The Cuprotype Burnett's Process

This process gives positive impressions from negative cliches.

Uranic nitrate 10 parts

Cupric nitrate 2 parts

Water 100 parts

Float for a minute strong, well-sized paper on this solution and let it

dry spontaneously in the dark. Expose until the image is visible, then

develop by floating on a solution of potassium ferricyanide at 5 per 100

of water--the image app
ars at once with a rich brown color. When

developed, wash it in several changes of water until the unaltered salts

are eliminated. The proof is then fixed, and, if too intense, can be

reduced in water slightly acidified with hydrochloric acid. A fine black

image is obtained by toning in a solution of platinic chloride at 1 per

100 of water.

The chemical actions giving rise to the formation of the metallic

ferrocyanide, of which the image consists, are quite complicated. Under

the luminous agency the uranic nitrate is first reduced, then the uranous

oxide acts on the cupric nitrate, forming cupric oxide, which is finally

reduced to the metallic state. This metal now converts the ferricyanate

in the ferro compound, which, by another action, forms both cupric and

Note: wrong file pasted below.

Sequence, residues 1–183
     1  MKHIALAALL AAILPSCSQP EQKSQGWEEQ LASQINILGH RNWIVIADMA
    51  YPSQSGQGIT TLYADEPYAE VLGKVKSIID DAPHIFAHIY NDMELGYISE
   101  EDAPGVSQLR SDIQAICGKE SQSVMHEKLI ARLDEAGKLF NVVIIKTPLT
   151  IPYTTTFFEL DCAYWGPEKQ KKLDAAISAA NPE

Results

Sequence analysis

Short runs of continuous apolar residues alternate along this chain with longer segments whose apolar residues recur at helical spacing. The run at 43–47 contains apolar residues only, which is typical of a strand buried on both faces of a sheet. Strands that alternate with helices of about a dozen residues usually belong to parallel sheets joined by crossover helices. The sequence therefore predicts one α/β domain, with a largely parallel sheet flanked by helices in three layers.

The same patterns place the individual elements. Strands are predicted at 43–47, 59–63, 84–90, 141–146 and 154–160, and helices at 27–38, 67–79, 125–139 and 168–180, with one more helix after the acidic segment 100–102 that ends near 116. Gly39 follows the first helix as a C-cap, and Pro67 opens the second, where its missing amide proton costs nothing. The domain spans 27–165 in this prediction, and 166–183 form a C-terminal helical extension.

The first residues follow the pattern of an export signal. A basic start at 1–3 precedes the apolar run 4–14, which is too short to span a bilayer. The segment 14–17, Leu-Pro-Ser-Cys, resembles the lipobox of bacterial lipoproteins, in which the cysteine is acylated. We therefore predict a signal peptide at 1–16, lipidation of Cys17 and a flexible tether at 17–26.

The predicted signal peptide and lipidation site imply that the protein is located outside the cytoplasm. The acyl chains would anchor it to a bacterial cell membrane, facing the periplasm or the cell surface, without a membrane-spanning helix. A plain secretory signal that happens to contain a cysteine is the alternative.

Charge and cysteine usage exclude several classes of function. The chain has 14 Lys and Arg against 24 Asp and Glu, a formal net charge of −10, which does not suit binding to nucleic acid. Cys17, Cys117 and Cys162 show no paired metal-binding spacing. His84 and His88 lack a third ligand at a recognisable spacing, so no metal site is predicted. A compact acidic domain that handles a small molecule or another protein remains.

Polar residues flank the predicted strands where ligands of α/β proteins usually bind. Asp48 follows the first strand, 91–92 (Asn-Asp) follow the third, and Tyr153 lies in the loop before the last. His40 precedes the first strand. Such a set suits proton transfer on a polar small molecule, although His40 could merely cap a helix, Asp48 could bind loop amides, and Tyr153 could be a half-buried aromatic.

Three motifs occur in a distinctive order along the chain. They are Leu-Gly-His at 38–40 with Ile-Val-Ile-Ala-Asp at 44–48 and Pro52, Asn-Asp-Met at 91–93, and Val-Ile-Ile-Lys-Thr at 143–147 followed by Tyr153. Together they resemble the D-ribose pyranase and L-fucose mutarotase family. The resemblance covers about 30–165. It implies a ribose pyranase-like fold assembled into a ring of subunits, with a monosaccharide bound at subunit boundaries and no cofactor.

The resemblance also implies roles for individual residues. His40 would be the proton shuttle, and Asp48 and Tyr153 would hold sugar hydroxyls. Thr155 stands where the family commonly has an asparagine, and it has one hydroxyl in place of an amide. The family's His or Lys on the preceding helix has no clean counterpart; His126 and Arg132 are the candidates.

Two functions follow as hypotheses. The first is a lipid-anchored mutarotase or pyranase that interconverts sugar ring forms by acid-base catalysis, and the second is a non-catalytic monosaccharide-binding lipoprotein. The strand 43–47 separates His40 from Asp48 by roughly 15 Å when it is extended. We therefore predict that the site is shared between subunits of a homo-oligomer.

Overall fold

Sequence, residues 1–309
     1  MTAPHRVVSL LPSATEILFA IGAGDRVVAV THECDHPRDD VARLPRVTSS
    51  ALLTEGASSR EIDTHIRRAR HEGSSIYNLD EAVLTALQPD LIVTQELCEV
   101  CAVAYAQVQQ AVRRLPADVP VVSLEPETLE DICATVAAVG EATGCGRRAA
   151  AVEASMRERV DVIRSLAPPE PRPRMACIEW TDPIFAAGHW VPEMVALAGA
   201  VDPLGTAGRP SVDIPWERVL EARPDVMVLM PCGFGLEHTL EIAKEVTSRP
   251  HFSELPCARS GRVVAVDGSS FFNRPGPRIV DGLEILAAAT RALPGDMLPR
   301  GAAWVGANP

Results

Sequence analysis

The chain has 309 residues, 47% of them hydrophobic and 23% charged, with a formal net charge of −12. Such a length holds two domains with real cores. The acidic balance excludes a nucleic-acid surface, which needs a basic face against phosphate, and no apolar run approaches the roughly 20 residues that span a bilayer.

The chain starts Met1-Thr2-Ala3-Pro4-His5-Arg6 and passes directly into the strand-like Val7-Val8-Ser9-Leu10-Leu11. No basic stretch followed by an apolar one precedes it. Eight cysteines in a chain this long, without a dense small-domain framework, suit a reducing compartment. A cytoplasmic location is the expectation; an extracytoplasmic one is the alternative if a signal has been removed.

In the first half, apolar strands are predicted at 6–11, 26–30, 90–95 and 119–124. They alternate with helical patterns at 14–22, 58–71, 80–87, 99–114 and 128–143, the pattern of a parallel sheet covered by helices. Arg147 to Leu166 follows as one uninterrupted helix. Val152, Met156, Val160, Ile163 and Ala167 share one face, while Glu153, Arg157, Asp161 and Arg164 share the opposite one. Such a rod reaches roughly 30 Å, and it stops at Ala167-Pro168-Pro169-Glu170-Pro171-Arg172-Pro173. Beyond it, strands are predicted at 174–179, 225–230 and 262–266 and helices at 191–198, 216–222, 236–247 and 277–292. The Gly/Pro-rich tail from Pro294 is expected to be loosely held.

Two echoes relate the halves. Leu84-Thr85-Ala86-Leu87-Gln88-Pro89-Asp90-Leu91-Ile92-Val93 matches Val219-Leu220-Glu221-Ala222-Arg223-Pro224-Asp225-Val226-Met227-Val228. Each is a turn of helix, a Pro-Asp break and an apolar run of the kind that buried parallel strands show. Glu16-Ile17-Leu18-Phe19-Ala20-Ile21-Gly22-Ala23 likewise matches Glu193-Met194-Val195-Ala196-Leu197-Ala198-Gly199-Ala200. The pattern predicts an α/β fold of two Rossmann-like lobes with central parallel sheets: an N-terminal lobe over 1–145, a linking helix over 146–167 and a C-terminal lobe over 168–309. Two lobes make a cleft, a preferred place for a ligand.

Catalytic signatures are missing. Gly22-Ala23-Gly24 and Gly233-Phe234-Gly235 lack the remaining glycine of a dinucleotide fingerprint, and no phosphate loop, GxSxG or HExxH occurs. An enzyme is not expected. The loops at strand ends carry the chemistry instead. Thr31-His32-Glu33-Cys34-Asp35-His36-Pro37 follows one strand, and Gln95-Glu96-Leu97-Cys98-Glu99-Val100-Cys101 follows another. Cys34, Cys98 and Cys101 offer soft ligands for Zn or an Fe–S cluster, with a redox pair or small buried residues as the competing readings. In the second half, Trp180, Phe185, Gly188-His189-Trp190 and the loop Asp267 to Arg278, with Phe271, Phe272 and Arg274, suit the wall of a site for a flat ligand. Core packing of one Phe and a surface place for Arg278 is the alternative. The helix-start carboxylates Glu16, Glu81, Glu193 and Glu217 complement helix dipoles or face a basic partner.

uranic ferrocyanate.

The following uranium process gives black impressions:

In a saturated solution of tartaric acid dissolve freshly precipitated

ferric oxide, and keep the solution--ferric tartrate--in the dark. To

prepare the sensitizing solution, dissolve 20 parts of uranic nitrate and

from 1 to 3 parts of tartaric acid in 100 parts of water, and add a small

quantity of ferric tartrate, the proportion varying with the tint desired:

an excess gives a blue black. With this solution brush the paper over,

and, when dry, expose under the negative cliche, then develop with a

solution of potassium ferricyanate at 4 per 100 of water. To fix, it

suffices to wash in water, renewed three or four times.

As pointed out by Mr. B. J. Burnett (see Introduction), many photographic

processes can be devised by basing them upon the various chemical changes,

of which uranous oxide, reduced by light from the uranic nitrate or

sulphate, is susceptible by means of metallic or organic reagents.

In the Appendix some of the most important processes, with or without

silver salts as reagents, will be described.